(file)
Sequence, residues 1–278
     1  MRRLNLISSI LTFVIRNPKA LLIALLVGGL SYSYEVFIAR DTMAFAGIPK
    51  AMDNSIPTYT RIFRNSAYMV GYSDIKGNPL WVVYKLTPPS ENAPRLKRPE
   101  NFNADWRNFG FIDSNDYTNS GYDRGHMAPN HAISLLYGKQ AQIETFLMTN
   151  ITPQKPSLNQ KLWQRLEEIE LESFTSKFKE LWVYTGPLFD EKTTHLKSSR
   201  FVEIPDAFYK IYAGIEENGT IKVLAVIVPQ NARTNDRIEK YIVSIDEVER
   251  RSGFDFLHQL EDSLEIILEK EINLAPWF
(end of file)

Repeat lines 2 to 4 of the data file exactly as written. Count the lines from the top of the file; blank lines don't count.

     1  MRRLNLISSI LTFVIRNPKA LLIALLVGGL SYSYEVFIAR DTMAFAGIPK
    51  AMDNSIPTYT RIFRNSAYMV GYSDIKGNPL WVVYKLTPPS ENAPRLKRPE
   101  NFNADWRNFG FIDSNDYTNS GYDRGHMAPN HAISLLYGKQ AQIETFLMTN